If you suffer from seasonal ragweed allergies, you may have noticed that your allergy symptoms are lasting longer each year, especially if you live within the northern climates of the U.S. and into Canada. According to a new study, your imagination is not the culprit, but a change in climate that’s extending your season of misery. The findings of the study were recently published in the online issue of the Proceedings of the National Academy of Sciences.
The new research suggests that ragweed season has grown longer by more than two weeks for people who reside in areas of the northern U.S., while for those who live in certain areas of Canada, the suffering season has been extended by almost a full month. According to the study background information, ragweed pollen sensitivity is very common among U.S. allergy sufferers, with at least one in ten Americans being affected. In fact, about 27 percent of Americans who suffer from allergies are sensitive to ragweed.
Lewis Ziska, a plant physiologist with the U.S. Department of Agriculture’s crop system and global change laboratory, and his colleagues set out to discover why there has been a continuous increase in allergic disease occuring within the U.S. over the past three decades. Experts have theorized that the increase is due to an extended exposure to allergens linked to longer pollen seasons caused by global climate changes.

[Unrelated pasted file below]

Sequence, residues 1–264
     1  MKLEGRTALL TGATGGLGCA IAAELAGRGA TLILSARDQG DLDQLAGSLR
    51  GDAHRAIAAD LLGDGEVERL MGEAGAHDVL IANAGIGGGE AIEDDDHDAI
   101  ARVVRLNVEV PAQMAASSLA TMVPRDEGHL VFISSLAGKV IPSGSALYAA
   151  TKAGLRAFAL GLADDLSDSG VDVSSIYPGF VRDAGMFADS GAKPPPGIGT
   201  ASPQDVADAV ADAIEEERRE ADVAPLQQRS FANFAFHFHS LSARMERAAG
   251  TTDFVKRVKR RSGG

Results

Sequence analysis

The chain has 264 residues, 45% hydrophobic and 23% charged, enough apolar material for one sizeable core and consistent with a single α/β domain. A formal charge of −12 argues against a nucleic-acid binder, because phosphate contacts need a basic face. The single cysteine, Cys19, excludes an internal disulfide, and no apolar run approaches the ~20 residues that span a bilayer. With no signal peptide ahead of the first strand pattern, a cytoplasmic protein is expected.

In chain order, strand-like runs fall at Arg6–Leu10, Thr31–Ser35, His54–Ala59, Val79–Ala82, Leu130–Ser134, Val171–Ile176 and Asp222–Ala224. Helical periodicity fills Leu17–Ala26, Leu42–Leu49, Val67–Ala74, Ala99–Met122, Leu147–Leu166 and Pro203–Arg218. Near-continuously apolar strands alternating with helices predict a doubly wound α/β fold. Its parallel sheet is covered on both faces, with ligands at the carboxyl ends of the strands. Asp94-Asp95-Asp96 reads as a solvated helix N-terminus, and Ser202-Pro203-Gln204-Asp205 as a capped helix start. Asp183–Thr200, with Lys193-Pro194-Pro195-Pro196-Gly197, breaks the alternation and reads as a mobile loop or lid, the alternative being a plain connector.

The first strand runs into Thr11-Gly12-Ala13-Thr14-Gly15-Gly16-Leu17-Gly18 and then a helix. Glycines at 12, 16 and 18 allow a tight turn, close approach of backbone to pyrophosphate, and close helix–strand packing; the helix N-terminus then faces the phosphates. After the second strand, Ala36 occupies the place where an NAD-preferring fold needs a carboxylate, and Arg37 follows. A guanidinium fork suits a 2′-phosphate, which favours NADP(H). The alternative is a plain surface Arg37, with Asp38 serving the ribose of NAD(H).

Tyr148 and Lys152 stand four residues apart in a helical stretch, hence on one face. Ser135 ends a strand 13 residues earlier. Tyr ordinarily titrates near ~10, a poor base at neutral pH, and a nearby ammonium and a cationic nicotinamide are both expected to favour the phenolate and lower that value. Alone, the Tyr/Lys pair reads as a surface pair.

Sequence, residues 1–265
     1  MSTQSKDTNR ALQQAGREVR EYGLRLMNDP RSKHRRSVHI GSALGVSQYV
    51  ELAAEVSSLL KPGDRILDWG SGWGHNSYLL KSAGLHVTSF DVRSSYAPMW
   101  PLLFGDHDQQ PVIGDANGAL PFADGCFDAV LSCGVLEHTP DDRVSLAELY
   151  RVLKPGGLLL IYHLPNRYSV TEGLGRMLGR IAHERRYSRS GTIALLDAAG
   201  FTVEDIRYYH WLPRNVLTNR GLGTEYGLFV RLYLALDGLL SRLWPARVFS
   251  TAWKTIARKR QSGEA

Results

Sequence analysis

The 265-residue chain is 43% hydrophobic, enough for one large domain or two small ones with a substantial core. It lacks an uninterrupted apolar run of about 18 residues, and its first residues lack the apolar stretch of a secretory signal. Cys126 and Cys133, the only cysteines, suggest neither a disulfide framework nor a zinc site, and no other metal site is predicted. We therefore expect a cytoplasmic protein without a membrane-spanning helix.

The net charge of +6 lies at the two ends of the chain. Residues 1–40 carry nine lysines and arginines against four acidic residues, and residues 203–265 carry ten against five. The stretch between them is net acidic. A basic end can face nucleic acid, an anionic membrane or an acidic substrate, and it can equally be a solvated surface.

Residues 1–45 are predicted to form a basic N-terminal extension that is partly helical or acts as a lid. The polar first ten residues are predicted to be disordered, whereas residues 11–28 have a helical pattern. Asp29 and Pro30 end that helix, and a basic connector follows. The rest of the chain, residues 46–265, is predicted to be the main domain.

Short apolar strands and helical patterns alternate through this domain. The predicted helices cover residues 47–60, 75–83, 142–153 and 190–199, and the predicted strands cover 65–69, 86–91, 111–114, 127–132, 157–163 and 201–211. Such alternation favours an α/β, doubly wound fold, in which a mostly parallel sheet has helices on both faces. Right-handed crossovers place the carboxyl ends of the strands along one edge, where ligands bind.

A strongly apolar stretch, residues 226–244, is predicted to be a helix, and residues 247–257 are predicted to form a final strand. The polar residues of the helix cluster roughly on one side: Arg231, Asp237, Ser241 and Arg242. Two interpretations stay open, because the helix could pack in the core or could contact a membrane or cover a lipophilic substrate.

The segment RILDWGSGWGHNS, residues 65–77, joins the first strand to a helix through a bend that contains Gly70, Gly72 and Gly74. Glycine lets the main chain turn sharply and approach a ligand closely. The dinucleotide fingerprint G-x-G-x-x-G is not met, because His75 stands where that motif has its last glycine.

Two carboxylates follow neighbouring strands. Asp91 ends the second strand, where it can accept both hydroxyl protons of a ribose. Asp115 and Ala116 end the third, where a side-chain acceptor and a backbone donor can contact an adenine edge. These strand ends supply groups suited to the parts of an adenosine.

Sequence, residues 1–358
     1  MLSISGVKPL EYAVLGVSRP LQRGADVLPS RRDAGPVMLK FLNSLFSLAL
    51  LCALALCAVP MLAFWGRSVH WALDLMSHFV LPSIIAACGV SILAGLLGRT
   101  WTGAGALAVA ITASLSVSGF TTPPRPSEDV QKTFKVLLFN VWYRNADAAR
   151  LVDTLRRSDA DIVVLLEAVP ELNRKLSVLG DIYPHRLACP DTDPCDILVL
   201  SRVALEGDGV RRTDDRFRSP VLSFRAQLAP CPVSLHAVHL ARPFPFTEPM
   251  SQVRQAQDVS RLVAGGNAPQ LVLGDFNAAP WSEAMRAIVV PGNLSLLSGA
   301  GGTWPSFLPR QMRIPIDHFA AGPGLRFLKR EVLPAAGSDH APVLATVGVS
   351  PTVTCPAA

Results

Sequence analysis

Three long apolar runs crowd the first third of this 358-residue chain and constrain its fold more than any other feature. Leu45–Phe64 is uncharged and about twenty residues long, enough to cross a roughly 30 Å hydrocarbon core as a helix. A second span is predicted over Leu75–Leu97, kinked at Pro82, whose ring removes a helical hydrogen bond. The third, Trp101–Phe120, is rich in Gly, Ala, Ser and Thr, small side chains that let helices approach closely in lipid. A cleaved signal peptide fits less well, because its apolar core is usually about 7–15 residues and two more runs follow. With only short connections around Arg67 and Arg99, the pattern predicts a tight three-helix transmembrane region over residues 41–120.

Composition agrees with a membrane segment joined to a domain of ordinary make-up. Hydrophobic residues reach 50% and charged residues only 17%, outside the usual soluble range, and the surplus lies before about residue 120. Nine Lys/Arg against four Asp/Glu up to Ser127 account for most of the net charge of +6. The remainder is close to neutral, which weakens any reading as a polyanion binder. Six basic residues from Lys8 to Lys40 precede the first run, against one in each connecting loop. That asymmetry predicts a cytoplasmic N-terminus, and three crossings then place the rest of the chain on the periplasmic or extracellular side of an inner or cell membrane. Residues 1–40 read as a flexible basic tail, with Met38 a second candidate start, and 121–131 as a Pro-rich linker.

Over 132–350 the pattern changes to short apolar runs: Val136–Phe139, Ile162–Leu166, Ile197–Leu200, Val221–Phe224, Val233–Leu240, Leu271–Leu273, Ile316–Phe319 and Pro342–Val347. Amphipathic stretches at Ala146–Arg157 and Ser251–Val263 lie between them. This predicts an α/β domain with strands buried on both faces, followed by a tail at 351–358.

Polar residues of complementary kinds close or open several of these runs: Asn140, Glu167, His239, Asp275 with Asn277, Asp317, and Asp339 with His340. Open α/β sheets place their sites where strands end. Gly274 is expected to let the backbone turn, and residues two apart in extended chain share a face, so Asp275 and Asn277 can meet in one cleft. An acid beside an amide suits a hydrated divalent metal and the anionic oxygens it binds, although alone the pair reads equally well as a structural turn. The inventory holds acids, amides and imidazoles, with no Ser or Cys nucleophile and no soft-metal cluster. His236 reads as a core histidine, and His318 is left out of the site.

The research team analyzed data from both the U.S. and Canada regarding ragweed and daily temperatures. Their findings showed that between 1995 and 2009, the number of days in the ragweed pollen season increased in eight of the 10 latitudes examined, including all seven of those analyzed that were north of 40 degrees latitude. The length of the season increased as the location moved further north, with the exception of the Oklahoma City area.
Results of the study showed that in Canada, Winnipeg had 25 days longer of misery for allergy sufferers, and in Saskatoon, it was 27 days longer. Northernmost areas of the U.S. examined included Minneapolis, Minnesota and Fargo, North Dakota found to have a 13-day extension of ragweed season, while LaCrosse, Wisconsin had an additional 13 days, and Madison, Wisconsin had an additional 12 days, followed closely by Papillion, Nebraska having 11 additional days. Southernmost areas studied showed an actual 3-day decrease in the allergy season for Rogers, Arkansas, and a 4-day decrease in Georgetown, Texas, while Oklahoma City had only a 1-day decrease.
Regarding the outcome of the analysis, Ziska acknowledged, “This study is a confirmation of what the Intergovernmental Panel on Climate Change has been projecting. We’ve gone from a theoretical projection of changes in the timing of ragweed season, to boots on the ground starting to see it happen.” He then warned, “This is a caution light. Pollen seasons may be getting longer, and climate change may have health implications as well.”